I can indeed find some new language in this year’s castle doctrine, as opposed to last year, but so far I don’t see anything that should give us cause to withdraw support for the bill or seriously worry ourselves:
(2.3) Â An actor who is not engaged in a criminalÂ activity, WHO IS NOT IN ILLEGAL POSSESSION OF A FIREARM andÂ who is attacked in any place where the actor would have aÂ duty to retreat under paragraph (2)(ii), has no duty toÂ retreat and has the right to stand his ground and use force,Â including deadly force, if:
The section in all caps is new. For most of us who are carrying firearms legally, this isn’t an issue.
(2.4) Â THE EXCEPTION TO THE DUTY TO RETREAT SET FORTH UNDER PARAGRAPH (2.3) DOES NOT APPLY IF THE PERSON AGAINST WHOM THE FORCE IS USED IS A PEACE OFFICER ACTING IN THE PERFORMANCE OF HIS OFFICIAL DUTIES AND THE ACTOR USING FORCE KNEW OR REASONABLY SHOULD HAVE KNOWN THAT THE PERSON WAS A PEACE OFFICER.
This is new in this section. Without context it’s hard to explain, but I will try. In last year’s bill, you could not use the presumption set fourth that deadly force is justified against someone unlawfully and forcefully entering your home if that person was a peace officer performing his official duties. In a way it’s kind of redundant, because presumably a peace officer is lawfully entering a home, and if a peace officer were unlawfully entering a home, then that wouldn’t be part of his official duties, would it? This years bill adds that same provision to anywhere you have a legal right to be. My opinion is this is a feel good provision. Obviously a peace officer who’s in the process of, say, unlawfully raping a woman, isn’t “acting in the performance of his official duties.”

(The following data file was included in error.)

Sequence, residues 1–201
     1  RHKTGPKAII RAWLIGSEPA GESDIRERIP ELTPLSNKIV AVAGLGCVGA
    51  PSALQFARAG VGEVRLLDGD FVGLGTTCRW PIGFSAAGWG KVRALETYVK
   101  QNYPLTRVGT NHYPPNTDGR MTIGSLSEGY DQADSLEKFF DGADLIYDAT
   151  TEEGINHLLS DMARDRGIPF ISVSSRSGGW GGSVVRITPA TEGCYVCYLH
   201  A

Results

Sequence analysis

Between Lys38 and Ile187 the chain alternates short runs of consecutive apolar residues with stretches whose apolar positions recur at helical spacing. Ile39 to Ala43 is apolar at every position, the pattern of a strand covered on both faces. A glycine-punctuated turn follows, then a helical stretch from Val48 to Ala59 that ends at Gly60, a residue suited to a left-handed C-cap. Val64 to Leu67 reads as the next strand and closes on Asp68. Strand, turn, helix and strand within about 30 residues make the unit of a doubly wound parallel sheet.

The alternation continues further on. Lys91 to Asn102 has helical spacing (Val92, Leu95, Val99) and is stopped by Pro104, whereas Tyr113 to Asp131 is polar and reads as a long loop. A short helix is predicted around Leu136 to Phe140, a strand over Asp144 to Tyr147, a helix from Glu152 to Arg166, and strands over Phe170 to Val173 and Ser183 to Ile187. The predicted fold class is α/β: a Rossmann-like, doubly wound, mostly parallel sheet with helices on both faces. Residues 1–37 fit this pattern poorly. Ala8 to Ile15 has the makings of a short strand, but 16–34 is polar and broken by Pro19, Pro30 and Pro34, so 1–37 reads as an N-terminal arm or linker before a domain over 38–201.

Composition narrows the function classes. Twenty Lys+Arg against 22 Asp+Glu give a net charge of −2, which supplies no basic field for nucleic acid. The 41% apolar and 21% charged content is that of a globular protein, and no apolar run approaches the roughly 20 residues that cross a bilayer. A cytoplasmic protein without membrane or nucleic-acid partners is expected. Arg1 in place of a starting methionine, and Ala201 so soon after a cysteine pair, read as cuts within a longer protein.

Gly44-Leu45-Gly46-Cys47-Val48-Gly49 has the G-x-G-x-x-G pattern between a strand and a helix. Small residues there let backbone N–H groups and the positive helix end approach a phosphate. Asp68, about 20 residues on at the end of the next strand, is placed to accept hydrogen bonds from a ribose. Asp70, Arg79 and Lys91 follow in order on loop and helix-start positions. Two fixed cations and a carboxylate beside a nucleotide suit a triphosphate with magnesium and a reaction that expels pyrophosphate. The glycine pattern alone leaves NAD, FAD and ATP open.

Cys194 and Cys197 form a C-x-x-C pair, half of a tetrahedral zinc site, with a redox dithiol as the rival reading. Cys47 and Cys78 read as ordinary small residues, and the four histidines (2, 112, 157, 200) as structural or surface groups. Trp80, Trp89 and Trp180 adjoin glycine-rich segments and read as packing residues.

(d) Â Definition.–As used in this section, the term “criminal activity” means conduct which is a misdemeanor or felony, is not justifiable under this chapter and is
the proximate cause ofRELATED TO the confrontation between an actor and the person against whom force is used.
You can see where last year’s language was struck and replaced with the language in caps. This is probably the language being talked about by the DA’s association. My guess is they were concerned about the burden of proving proximate cause, rather than just having to prove a relationship between the crime and the need to use deadly force, which is a clearer standard. I don’t seriously object to this change.
The rest of the bill is identical to last years, including the civil immunity provisions. My feeling is the changes promoted by the DA’s association are relatively minor and are a reasonable concession if in return they drop their opposition to the bill. The DA’s association no doubt came to the table because they realized something was likely going to pass this session, and decided it was better to get some minor concessions than continuing to tilt at windmills.
That has probably been why this bill has moved so quickly and been voted on so overwhelmingly. Without the DA association’s objections to ride on, opponents of Castle Doctrine don’t have much political cover for their opposition, so they caved. I think the changes outlined were small concessions to make in order to get this bill to move quickly and get cleanly through the legislature.